class member access specifiers and binary code

I understand what the typical access specifiers are, and what they mean. 'public' members are accessible anywhere, 'private' members are accessible only by the same class and friends, etc.

What I'm wondering is what, if anything, this equates to in lower-level terms. Are their any post-compilation functional differences between these beyond the high-level restrictions (what can access what) imposed by the language (c++ in this case) they're used in.

Another way to put it - if this were a perfect world where programmers always made good choices (like not accessing members that may change later and using only well defined members that should stay the same between implementations), would their be any reason to use these things?

-------------Problems Reply------------

Access specifiers only exist for compilation purposes. Any memory within your program's allocation can be accessed by any part of the executable; there is no public/private concept at runtime

Michael's answer is right. Access specifiers do not directly affect the resulting code.

However, access specifiers may resolve ambiguous identifier/overload errors that would otherwise prevent compilation.

class A {
int x;

class B {
int x;

class C : public A, public B {
int &get_x() { return x; } // only B::x is accessible, no error.

So they definitely serve a higher purpose than restricting the programmer.

The answer to your question could differ depending on the compiler, but in general there will be no difference. One could conceive though of an environment for which the compiled code might have different characteristics for those different accessibilities, but I'm not aware of any that exist.

Programmers can only make good choices when armed with the right information. Access modifiers are a way to signal to the programmer that certain things shouldn't be touched, and it has the side-benefit of enforcing correct behaviour.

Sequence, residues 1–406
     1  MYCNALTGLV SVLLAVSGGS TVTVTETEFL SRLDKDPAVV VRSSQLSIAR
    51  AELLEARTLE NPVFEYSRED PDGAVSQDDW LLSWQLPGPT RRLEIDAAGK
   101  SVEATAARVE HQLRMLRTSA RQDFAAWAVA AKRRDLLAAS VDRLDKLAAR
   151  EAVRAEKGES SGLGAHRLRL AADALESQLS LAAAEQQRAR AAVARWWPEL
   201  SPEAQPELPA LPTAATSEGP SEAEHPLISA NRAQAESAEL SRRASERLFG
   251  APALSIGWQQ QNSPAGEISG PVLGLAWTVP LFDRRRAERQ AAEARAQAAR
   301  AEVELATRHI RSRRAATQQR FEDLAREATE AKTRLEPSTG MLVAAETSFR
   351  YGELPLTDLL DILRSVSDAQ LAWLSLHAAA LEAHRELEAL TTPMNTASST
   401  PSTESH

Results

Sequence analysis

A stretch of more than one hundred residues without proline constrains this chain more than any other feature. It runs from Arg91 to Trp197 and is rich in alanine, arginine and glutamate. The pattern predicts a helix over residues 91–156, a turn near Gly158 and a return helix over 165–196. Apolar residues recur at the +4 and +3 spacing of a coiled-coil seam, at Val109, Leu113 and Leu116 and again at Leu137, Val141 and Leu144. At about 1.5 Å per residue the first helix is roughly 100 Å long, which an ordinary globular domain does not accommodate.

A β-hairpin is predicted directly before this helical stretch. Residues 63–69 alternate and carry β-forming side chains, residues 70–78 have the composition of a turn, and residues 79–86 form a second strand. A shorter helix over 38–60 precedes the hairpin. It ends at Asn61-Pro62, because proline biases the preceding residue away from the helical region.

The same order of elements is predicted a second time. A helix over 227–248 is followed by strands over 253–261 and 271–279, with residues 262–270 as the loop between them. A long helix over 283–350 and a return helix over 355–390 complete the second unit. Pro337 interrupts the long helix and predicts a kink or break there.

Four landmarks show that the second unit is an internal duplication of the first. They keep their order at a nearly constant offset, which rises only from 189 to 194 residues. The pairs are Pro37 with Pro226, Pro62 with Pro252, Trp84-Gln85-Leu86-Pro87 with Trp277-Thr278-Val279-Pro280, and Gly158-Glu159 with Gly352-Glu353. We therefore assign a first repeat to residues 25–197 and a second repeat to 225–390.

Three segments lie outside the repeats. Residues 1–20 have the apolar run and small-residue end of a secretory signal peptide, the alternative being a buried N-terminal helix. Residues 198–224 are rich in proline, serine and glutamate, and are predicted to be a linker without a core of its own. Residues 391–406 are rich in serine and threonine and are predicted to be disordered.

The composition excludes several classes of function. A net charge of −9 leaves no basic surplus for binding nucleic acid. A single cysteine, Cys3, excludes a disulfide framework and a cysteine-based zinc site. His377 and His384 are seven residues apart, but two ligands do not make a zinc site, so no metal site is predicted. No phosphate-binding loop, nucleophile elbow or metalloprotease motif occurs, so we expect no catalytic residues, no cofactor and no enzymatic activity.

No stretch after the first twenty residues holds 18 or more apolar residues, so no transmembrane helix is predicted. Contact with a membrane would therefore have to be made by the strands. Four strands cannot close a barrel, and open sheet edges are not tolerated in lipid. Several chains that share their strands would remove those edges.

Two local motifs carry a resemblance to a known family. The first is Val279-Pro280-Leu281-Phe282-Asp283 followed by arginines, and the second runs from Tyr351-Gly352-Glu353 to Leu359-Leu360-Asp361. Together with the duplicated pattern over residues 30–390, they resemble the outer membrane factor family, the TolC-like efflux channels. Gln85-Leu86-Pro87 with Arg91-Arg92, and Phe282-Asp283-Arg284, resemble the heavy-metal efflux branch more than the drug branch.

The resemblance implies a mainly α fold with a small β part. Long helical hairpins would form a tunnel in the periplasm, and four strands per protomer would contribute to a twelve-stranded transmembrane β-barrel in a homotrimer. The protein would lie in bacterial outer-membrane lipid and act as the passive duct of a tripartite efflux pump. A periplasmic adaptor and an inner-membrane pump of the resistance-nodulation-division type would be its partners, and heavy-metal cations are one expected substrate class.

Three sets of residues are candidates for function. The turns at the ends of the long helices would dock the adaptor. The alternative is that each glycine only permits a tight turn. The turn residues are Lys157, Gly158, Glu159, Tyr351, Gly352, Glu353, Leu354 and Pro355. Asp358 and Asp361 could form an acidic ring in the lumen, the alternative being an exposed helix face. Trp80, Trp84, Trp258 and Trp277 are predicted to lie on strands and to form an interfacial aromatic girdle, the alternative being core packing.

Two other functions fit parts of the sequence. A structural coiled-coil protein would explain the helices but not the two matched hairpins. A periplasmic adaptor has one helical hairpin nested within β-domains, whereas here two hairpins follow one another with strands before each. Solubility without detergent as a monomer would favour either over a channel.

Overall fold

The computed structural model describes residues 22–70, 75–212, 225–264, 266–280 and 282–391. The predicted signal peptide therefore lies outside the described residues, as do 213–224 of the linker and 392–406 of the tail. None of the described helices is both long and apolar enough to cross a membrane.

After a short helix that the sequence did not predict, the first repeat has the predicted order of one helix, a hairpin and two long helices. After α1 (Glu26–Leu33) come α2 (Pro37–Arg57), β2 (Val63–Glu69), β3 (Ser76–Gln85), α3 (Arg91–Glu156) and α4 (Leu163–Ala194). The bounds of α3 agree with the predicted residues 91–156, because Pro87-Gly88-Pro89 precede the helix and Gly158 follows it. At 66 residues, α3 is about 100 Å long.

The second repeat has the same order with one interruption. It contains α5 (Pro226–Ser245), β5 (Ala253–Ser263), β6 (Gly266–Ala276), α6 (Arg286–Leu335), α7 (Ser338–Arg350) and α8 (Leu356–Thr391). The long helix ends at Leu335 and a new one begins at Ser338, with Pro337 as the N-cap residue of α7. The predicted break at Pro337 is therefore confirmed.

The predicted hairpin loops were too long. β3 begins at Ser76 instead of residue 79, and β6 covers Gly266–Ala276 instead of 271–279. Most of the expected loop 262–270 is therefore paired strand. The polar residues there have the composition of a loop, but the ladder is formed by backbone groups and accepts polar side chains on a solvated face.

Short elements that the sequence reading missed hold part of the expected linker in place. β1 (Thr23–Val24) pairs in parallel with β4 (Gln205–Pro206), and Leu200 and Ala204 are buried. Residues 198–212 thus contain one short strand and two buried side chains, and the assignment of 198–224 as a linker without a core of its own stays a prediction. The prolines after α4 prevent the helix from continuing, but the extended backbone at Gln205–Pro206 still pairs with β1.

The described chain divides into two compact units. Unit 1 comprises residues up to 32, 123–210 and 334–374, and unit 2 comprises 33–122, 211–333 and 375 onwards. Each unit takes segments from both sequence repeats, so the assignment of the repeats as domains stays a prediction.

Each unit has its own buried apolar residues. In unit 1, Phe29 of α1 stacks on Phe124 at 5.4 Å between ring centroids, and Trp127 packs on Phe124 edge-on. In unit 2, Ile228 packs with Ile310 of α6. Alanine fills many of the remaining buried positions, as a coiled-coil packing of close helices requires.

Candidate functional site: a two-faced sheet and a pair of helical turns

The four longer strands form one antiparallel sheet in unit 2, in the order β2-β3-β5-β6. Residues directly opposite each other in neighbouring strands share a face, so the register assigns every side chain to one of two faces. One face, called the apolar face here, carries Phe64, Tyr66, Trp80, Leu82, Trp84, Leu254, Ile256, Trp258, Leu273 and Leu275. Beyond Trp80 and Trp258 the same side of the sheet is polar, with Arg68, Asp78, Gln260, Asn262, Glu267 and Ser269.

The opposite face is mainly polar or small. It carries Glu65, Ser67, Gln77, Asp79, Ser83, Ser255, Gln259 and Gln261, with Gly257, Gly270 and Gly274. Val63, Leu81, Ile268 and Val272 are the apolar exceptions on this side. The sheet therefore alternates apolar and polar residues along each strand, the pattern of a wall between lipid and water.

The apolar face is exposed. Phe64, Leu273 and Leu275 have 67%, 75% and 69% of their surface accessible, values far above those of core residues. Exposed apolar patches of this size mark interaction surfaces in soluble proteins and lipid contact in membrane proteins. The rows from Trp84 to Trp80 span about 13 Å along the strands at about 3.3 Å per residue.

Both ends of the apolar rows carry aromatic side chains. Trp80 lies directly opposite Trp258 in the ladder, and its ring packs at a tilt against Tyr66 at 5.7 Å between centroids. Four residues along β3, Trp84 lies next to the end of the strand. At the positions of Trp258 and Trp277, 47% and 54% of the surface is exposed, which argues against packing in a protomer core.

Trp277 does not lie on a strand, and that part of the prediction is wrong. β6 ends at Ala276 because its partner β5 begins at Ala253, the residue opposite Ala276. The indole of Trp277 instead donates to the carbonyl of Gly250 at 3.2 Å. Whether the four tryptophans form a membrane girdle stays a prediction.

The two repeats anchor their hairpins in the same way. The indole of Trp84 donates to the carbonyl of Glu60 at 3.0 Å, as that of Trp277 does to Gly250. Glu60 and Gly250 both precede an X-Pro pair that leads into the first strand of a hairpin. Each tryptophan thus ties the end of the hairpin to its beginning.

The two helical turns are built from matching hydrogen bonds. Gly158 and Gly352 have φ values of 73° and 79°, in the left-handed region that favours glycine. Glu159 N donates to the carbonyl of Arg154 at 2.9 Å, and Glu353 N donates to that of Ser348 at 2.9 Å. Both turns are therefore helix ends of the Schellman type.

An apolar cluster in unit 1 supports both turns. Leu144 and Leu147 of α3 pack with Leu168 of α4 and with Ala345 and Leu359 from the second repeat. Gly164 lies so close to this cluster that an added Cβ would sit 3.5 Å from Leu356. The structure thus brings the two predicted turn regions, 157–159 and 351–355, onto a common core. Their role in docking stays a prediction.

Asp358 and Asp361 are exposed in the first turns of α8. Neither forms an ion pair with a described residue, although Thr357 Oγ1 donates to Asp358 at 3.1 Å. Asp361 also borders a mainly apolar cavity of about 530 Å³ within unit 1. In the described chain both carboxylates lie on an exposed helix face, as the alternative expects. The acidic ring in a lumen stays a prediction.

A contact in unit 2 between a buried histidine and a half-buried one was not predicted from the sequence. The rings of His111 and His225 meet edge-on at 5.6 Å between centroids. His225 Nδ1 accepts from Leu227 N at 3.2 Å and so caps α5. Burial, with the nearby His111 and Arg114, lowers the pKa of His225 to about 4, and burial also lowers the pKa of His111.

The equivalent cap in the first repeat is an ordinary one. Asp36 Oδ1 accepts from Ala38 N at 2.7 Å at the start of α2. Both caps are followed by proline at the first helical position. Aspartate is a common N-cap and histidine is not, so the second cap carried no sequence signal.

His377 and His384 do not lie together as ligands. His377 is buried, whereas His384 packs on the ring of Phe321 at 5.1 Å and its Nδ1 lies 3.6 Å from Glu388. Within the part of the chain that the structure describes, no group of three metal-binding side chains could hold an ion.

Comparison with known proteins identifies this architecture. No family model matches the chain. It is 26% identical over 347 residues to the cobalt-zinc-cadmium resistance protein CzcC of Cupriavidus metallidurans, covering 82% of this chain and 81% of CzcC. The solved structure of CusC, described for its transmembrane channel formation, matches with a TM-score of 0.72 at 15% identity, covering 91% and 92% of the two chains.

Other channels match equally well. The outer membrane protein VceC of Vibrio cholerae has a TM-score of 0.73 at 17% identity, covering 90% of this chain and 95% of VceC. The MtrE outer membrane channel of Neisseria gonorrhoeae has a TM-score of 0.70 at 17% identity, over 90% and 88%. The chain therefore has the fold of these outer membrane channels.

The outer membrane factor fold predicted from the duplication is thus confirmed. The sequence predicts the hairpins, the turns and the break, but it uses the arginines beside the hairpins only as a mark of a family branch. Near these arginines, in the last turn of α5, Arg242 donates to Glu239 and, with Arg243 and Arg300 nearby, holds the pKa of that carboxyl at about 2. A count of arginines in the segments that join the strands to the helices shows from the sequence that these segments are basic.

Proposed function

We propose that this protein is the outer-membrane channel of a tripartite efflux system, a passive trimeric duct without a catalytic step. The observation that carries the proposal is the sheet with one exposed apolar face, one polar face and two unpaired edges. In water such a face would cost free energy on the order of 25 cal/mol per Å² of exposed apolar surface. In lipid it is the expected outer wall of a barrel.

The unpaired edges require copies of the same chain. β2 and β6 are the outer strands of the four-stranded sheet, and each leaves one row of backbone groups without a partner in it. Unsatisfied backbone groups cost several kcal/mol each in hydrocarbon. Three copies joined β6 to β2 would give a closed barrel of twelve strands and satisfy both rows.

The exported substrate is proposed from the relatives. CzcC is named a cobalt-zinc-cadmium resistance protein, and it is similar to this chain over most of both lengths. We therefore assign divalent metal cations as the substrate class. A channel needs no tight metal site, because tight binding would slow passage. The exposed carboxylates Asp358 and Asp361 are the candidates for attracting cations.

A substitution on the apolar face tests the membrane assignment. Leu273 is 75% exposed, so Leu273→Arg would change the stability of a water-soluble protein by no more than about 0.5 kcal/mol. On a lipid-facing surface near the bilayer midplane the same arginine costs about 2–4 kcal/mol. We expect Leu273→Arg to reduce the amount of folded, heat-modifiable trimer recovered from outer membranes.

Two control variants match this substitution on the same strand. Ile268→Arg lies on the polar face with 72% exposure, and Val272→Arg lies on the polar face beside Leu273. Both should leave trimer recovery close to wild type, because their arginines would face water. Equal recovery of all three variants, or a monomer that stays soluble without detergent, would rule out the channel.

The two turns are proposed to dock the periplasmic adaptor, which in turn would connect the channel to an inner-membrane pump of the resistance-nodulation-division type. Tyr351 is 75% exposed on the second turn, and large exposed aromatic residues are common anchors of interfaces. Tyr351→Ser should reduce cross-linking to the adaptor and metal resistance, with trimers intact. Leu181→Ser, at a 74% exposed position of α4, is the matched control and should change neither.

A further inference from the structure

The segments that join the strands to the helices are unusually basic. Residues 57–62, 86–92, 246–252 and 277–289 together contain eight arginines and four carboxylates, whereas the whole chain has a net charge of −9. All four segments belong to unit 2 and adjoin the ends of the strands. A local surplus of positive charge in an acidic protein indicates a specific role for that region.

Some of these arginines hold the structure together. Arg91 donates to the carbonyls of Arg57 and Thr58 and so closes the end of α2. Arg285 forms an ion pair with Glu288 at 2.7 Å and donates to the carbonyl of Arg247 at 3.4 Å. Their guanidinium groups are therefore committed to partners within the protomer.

There is no runtime impact. You could write a program with correct access modifiers, build it with, c++ -Dprotected=public -Dprivate=public, and it should build and produce almost exactly the same code (There are some hypothetical caveats such as data layout of classes).

Post-compilation, you are left with machine code (assembly) which has no notion of "public" or "private" (or of classes, members, etc). Everything is simply a memory address (whether it's code or data), and can be accessed just like any other memory address. The whole public\private distinction (as well as almost every other construct available in a high-level language) is purely for the benefit of the programmer, allowing the compiler to enforce a set of rules that are intended to make the intent of the code clearer and to help avoid potential bugs. Once compiled, your code doesn't know what language it was originally written in, much less what type of access specifiers were used.

That being said, it would be possible to rig a compiler so that it modifies the code whenever a private class member function is called in order to detect when the function is called inappropriately (add an extra parameter and set it to some expected value when the function is called from within the class; calling the function from outside of the class would provide the wrong value). The problem with this approach is what do you do now? Lock up? Do nothing and return invalid data? These types of problems are (relatively) easily detectable and correctable at compile time, so it is rare to see this sort of thing enforced at run time (outside of debugging or code profiling tools).

Category:c# Views:0 Time:2010-05-03

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